Robinson has retold this story in his fiction a couple of times, as a way to understand or disperse some of that shock. In his 1991 short story, "Vinland the Dream," he takes the alternative history genre into a new realm by making such a convincing case for all Norse Pre-Columbian sites being hoaxes, that unless you already know about these sites, you could easily be duped by the story. Gregory Benford, noted scientist and author, called Robinson shortly after the story appeared to ask how much of it was true.
Another treatment of this same idea was his second novel, Icehenge, which dealt with mysterious ruins on Pluto.
Initial conditions are never fully known.
The butterfly may be on the wing, it may be crushed underfoot.
You are flying toward Hiroshima.
—"A Sensitive Dependence on Initial Conditions"
The fact of a hoax is not really the central issue in the author's lingering love affair with history. Robinson's stance on the subject of what drives history appears to be somewhere between the personality theory and the sweep of events theory. None of the futures he has created in his fiction hold any great importance for him in terms of being predictions. "I think that real history is going to be simply different than what we can imagine. It's a chaotic system and there are all these events that are going to come and make major impacts on history that we can't predict at all."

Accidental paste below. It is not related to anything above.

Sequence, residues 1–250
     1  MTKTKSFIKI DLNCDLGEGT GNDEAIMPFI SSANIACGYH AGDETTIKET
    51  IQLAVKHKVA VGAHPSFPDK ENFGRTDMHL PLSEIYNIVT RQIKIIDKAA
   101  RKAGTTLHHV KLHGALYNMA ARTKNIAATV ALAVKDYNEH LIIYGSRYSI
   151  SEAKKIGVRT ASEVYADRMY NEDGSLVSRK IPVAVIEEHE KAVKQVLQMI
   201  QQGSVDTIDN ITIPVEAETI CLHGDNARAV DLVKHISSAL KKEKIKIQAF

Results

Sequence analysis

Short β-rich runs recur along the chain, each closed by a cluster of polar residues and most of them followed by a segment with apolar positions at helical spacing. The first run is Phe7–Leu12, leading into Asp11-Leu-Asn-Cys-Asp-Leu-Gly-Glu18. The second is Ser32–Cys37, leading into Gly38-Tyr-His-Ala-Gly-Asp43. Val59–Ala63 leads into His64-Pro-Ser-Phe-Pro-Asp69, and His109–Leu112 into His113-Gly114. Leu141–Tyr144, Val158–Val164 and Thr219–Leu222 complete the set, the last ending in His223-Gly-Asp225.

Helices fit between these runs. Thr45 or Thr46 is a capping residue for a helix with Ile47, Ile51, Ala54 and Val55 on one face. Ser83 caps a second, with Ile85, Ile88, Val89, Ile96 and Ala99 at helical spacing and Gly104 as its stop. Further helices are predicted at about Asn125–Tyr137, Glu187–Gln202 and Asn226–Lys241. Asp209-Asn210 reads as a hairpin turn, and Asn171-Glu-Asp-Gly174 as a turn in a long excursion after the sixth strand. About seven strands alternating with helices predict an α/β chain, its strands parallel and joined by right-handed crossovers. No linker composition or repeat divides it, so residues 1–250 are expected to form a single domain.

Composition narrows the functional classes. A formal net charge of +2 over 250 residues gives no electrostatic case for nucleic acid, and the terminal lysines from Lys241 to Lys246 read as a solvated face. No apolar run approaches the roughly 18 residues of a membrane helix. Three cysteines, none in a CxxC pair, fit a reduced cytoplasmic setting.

A popular image used to illustrate chaos theory is the beat of a butterfly's wings changing the weather. But what moral responsibility does the butterfly have for bringing or preventing the storm? To read Robinson's works (especially the short stories "The Lucky Strike," an alternative history of the bombing of Hiroshima, and "A Sensitive Dependence on Initial Conditions," which puts you at the controls) is to see that Robinson concludes that the chaotic nature of history does not diminish but only heightens each person's moral responsibility--that we should all strive to become the butterfly.
Thus one role of the writer (for Robinson's kind of writer, at least) is to paint pictures of different types of futures, and illustrate, "...what we ought to--what I think we ought to work towards, as opposed to what we can try to work away from."